The Limestone Challenge
The Limestone Challenge

The Limestone Challenge

With limited life left for the use of limestone as a major raw material for cement, every day there is a new challenge to use the material. Mainly the quality of limestone is a challenge.
A majority of the limestone deposits available for cement Industry in India are marginal grade, many of the deposits that have come up or are likely to come up for auction are having high silica and low to sub grade CaO content and many of the deposits are high in MgO content as well. This type of deposit cannot be utilized for cement manufacturing process without blending with high grade limestone. About 97 per cent of Limestone is used in Cement Industry, 3 per cent in other industries like Iron and Steel and Chemical. Hence major consumer for limestone is cement industry.
Sedimentary limestone is normally associated with soft deleterious components like clay and shale. Owing to difference in hardness these softer components become powdery on blasting and are separated through beneficiation process like screening and washing. Metamorphic limestone on the other hand is normally associated with hard igneous intrusive like pegmatite, granite, amphibolite etc. and at times with dolomites/ dolomitic limestone which all are equally hard as metamorphosed limestone. On blasting, all these components along with limestone are obtained in almost the same fraction size and are therefore difficult to segregate in the course of beneficiation in mechanised mining.
Marginal Grade limestone
Many of the deposits that have come up or are likely to come up for auction are marginal grade having high silica and low to sub grade CaO content found mainly in Rajasthan, Chhattisgarh, Gujarat and Maharashtra from cement manufacturing perspective which alone will not be able to sustain the process requirement for manufacture of clinker.
The deposits that have come up for auction were high in MgO content as well. These too will not be able to sustain the clinker manufacturing process owing to more than desirable limits of MgO in clinker manufacturing (Rajasthan). This will definitely require blending with high grade limestone whose availability is very limited. Deposits with inherent high silica cannot be utilized for cement manufacturing process without blending with high grade limestone.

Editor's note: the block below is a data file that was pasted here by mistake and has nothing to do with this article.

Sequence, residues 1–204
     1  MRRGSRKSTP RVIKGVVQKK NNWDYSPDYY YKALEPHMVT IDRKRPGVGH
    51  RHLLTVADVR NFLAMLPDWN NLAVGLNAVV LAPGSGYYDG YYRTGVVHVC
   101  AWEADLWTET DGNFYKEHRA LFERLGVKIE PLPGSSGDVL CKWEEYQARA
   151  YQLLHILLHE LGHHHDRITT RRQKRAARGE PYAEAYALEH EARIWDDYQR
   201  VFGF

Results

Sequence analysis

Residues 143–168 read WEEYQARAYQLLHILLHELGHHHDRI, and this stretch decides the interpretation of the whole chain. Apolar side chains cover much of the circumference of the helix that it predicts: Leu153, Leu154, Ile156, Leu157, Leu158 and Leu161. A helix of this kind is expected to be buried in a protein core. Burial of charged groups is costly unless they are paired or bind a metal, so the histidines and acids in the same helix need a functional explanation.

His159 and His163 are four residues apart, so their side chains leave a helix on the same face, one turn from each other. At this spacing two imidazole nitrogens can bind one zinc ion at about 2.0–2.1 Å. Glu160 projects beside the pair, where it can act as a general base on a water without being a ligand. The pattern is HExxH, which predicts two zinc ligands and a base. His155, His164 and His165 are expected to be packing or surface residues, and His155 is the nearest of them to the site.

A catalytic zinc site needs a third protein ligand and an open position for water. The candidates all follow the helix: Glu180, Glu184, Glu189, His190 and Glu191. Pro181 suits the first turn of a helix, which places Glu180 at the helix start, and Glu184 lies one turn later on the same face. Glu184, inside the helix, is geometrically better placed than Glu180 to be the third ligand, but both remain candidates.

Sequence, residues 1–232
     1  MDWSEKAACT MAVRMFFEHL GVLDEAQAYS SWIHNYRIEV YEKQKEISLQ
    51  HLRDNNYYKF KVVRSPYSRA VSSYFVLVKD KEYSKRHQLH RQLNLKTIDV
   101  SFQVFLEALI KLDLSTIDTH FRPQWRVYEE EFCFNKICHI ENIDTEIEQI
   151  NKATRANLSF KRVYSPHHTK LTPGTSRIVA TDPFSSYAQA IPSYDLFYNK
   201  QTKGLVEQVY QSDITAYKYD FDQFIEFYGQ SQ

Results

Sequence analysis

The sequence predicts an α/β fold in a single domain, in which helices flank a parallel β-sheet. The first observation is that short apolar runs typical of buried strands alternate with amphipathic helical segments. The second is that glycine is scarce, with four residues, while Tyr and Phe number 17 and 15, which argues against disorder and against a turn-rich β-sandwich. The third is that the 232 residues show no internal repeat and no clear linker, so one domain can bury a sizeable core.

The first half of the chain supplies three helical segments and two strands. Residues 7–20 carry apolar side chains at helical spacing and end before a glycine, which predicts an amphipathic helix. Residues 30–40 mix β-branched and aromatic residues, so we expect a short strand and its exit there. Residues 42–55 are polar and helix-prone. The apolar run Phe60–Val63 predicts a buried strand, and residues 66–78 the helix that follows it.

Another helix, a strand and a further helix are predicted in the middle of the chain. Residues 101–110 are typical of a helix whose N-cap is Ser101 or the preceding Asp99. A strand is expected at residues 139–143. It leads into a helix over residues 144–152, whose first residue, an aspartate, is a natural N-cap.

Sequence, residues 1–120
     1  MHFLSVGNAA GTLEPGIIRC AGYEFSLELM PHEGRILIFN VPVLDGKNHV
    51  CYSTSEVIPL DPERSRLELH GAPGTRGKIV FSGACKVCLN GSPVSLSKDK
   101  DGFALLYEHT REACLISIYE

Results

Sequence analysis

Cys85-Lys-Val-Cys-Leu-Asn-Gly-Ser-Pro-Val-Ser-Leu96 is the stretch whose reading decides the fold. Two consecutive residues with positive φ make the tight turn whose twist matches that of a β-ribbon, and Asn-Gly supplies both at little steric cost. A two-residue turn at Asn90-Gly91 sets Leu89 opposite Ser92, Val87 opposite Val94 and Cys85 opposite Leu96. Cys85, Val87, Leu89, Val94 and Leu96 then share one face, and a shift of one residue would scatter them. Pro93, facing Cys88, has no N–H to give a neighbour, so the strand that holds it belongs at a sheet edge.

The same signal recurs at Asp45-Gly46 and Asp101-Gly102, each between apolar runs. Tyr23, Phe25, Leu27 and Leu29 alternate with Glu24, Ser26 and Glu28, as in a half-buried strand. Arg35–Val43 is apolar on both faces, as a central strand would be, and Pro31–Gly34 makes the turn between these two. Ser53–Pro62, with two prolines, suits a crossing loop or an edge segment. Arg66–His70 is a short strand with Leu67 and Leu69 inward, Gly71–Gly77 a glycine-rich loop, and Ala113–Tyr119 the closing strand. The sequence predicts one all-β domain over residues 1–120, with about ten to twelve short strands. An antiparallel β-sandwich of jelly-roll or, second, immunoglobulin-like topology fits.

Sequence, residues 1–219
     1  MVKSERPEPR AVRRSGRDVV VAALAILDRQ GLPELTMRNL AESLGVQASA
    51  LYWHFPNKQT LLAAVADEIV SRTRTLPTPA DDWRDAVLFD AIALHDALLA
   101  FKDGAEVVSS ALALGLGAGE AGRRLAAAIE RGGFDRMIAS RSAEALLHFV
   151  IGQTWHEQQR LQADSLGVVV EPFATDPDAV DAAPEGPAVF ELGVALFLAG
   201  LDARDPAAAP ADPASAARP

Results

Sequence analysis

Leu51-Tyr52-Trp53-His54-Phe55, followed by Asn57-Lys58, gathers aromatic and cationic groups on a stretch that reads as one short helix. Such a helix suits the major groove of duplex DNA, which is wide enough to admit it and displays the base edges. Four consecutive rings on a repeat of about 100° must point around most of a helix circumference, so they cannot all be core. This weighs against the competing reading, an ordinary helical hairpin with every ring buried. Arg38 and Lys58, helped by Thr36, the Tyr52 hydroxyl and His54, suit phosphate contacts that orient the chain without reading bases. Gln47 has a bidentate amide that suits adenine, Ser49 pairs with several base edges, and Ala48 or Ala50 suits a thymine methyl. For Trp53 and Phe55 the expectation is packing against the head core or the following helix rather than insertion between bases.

NCCBM norms for prospecting limestone suggest limiting value of CaO to be minimum 40 per cent. The scope of beneficiation or addition of small quantity of sweetening material may make otherwise sub-grade limestone suitable for cement manufacture. The broad chemical specification is given below:
The scope of beneficiation or addition of small quantity of sweetening material may make otherwise sub-grade limestone suitable for cement manufacture.
Role of fuel in the cut off limit of limestone: Fuel being used in the cement industry is petcoke, imported coal and Indian coal. Thus, industry uses Indian coal along with imported coal/ petcoke so that average run of mine is maintained at 43-45 per cent CaO.
Role of additives in the cut off values of RoM limestone: Besides Limestone, cement raw mix requires 8 to 10 per cent additive material like laterite, bauxite, red ochre, iron ore etc.
Day-by-day, quality of additives are deteriorating i.e. increase in silica. The quality also deteriorates as we go down the depth. The top 4 to 5 m is high grade with an average CaO of 46 per cent. Remaining limestone is varying from 40 to 42 per cent CaO. Remaining marl and low grade limestone is having CaO 31 to 40 per cent.
- VIKAS DAMLE
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